Landlord and Tenant Obligations

Oral and written leases
A lease is an agreement to rent property. It may be written or oral. Most are written, however, because oral agreements can be subject to misunderstandings. A written lease can be in the form of a formal contract or simply a copy of a letter that states the rights and obligations of both tenant and landlord. Florida law requires that most notices to and from a landlord be in writing, even if the rental agreement is oral. In cases where there is no written lease, the term of your rental payment schedule (monthly, weekly, etc.) determines the length of the agreement.

Access to the Premises
Once you lease a dwelling, your right to possession is much the same as if you owned it. The landlord can, however, enter at reasonable times and with proper notice in order to inspect, repair, supply agreed services, or show the property to prospective or actual purchasers, tenants, mortgagees, workers or contractors.
 
Landlord's Obligation to Maintain Premises
If the unit is a single-family home, duplex, or mobile home, unless otherwise agreed upon in writing, the landlord must:
  • Comply with building, housing and health codes
  • Where there are no applicable building, housing or health codes, keep the roof, floors, windows, screens, and all other structural components in good repair and keep the plumbing in reasonable working condition

If the unit is other than a single-family house or duplex, unless otherwise agreed upon in writing, the landlord must:

  • Provide for extermination of rats, mice, roaches, and wood-destroying organisms
  • Provide running water and hot water
  • Remove garbage from the premises
  • Provide a smoke detection device
  • Provide locks and keys
  • Provide a working heating system
  • Provide for the clean and safe condition of common areas 
Tenant's Obligation to Maintain Premises
  • Comply with housing and health codes
  • Keep the dwelling clean
  • Remove garbage from his/her dwelling unit
  • Keep plumbing repaired
  • Refrain from destroying, damaging or defacing the premises
  • Occupy the dwelling without disturbing the peace
  • Refrain from abusing the electrical, plumbing, heating, air conditioning or other systems furnished by the landlord.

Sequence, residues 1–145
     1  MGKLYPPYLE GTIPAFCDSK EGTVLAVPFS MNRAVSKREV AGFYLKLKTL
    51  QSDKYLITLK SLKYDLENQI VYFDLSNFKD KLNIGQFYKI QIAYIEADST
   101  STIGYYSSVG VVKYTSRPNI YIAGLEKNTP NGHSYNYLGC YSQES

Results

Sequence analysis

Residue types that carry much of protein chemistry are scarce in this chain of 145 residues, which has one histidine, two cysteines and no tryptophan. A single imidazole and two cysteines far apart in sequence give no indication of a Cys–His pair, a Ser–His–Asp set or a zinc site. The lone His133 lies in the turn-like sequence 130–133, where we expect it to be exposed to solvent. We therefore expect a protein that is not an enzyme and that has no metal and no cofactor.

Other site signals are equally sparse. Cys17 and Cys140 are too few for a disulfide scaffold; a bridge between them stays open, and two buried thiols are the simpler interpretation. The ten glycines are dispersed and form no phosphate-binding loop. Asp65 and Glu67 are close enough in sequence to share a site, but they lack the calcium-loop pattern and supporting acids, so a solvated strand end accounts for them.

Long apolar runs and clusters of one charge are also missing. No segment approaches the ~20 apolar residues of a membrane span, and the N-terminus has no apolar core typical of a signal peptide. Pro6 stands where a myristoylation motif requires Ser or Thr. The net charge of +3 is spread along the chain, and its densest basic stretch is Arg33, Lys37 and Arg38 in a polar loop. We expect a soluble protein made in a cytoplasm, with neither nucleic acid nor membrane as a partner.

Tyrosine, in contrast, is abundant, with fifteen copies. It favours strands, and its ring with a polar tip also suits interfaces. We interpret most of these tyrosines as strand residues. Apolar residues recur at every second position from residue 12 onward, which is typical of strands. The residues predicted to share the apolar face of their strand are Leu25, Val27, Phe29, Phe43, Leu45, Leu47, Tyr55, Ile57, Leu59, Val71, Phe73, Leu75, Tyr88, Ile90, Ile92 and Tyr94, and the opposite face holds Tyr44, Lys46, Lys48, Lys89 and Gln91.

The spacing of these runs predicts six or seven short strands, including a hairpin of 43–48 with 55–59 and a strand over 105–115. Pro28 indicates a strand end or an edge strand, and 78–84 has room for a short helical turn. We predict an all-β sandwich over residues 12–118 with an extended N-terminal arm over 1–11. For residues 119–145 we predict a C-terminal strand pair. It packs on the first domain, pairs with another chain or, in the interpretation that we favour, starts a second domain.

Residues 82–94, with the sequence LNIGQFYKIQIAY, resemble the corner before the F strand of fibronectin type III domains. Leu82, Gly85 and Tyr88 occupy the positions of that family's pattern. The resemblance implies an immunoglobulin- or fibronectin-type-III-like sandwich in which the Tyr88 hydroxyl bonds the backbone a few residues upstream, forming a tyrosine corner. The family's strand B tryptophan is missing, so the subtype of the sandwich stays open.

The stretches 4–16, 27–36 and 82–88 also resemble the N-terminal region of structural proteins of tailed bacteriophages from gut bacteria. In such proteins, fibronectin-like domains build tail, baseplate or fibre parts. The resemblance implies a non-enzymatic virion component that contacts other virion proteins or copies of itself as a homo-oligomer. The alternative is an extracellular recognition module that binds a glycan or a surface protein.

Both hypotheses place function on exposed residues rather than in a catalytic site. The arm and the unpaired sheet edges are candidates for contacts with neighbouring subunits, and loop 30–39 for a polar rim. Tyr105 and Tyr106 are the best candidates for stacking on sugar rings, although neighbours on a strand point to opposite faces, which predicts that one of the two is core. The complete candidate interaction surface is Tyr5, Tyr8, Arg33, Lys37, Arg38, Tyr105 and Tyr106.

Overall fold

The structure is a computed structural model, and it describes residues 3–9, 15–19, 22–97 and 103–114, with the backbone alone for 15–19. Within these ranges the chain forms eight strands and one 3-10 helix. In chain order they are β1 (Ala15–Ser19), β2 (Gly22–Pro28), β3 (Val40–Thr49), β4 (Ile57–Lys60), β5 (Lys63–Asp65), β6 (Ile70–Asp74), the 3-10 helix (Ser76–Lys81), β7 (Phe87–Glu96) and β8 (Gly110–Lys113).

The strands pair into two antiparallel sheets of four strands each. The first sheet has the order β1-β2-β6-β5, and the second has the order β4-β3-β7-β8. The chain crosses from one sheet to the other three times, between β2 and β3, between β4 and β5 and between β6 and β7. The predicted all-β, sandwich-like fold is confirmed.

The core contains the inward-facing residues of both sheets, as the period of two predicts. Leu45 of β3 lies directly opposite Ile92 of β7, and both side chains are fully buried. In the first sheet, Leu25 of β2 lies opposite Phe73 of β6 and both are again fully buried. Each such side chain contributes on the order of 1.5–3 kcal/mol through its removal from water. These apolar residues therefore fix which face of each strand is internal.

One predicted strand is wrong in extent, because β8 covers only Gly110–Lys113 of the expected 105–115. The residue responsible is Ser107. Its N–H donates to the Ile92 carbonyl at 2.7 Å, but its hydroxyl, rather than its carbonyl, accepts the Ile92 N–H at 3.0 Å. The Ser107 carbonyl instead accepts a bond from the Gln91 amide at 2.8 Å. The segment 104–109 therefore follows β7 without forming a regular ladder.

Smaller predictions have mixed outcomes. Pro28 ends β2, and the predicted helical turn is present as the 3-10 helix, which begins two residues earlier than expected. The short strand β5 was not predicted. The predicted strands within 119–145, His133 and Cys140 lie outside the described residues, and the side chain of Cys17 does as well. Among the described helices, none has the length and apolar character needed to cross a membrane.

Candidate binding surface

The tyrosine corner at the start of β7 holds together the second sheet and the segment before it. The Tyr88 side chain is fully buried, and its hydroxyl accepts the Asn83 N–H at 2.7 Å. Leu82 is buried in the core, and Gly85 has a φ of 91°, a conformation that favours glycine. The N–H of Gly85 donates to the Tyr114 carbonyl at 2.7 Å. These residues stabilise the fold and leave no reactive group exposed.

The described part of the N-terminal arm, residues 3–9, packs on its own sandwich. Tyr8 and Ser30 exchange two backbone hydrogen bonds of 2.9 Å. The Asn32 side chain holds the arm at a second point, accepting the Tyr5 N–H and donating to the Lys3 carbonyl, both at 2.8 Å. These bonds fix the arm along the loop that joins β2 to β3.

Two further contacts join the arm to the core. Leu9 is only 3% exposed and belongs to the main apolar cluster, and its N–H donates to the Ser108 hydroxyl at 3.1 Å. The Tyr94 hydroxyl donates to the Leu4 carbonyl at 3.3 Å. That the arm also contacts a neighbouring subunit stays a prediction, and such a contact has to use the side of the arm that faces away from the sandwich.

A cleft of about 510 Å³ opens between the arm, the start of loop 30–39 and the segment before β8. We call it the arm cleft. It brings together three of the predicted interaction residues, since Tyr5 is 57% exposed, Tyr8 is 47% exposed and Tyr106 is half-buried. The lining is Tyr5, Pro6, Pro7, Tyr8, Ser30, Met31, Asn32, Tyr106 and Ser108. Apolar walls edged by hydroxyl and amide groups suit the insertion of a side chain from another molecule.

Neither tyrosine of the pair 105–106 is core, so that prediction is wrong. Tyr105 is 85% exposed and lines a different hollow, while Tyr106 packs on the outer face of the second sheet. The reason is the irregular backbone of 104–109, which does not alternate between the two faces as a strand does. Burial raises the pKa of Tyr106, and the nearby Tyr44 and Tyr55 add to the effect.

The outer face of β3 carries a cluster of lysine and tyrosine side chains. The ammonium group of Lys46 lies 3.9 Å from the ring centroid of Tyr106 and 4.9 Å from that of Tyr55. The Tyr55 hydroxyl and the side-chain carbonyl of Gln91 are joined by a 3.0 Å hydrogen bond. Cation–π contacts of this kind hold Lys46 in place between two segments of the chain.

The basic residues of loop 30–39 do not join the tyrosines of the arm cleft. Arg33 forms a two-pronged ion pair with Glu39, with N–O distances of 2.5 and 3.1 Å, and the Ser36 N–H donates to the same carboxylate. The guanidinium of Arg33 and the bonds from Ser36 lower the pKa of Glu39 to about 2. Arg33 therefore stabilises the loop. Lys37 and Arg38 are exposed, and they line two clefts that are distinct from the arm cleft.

If the Landlord Does Not Comply
You may be able to withhold the rent if your landlord fails to do what the law or the lease requires. You must, however, announce your intention by certified mail at least seven days before the rent is due to allow time to remedy the problem. If the problem is not corrected within the seven days and you withhold the rent, the landlord may take you to court to collect it. Under these circumstances, you must pay the rent into the court registry pending the judge's determination of the case.

 
If the Tenant Does Not Comply
You can be evicted for not living up to your end of the lease. Depending on the offense, the process for removal varies.
 
Failure to Meet Lease Obligations
Except for the failure to pay rent, a landlord must notify you, in writing, of the shortcomings and give you seven days to correct the situation. If you do not reply within seven days, the landlord can begin the eviction process.
 
Eviction Process 
The landlord must serve the tenant with a written notice allowing three days (excluding weekends and legal holidays) for you to pay the rent or vacate the premises. If you do not pay within the three days, the landlord may begin the eviction process. The landlord must file suit in the office of the Clerk of the Courts in the county where the dwelling is located. The tenant then has five days (excluding weekends and legal holidays) to respond, in writing, to the court. If there is no response from the tenant, a judgment is entered against the tenant. The Clerk of the Court will issue a "Writ of Possession" to be served by the Sheriff notifying the tenant that he or she will be evicted in 24 hours.
 
Prohibited Practices
Florida Law does not allow a landlord to force a tenant out by:
  • Shutting off the utilities
  • Denying the tenant access to the premises by changing locks
  • Removing the tenant's personal property from the dwelling unless it is a lawful eviction
  • Removing outside doors, locks, roof, walls or windows (except for purposes of maintenance, repair or replacement)

If any of these occur, the tenant may sue for actual and consequential damages or three months' rent, whichever is greater, plus court costs and attorney's fees.

 
Termination of Tenancy
A tenancy without a specific duration may be terminated by either party giving proper written notice (as required by section 83.56(4), Florida Statutes) according to the following time frames:
  • Yearly -- Not less than 60 days' notice
  • Quarterly -- Not less than 30 days' notice
  • Monthly -- Not less than 15 days' notice
  • Weekly -- Not less than 7 days' notice

Practical Pointers
  • If you have a written rental agreement, read it thoroughly before signing.
  • If there are any changes to the written rental agreement, get them in writing.
  • Keep receipts and other records.
  • Do a walk-through before entering or vacating the premises.
  • Take pictures of any questionable conditions.
  • If you have a problem, you must put it in writing and in the proper form. See section 83.51, Florida Statutes.
  • For further information, contact Consumer Services at 1-800-435-7352.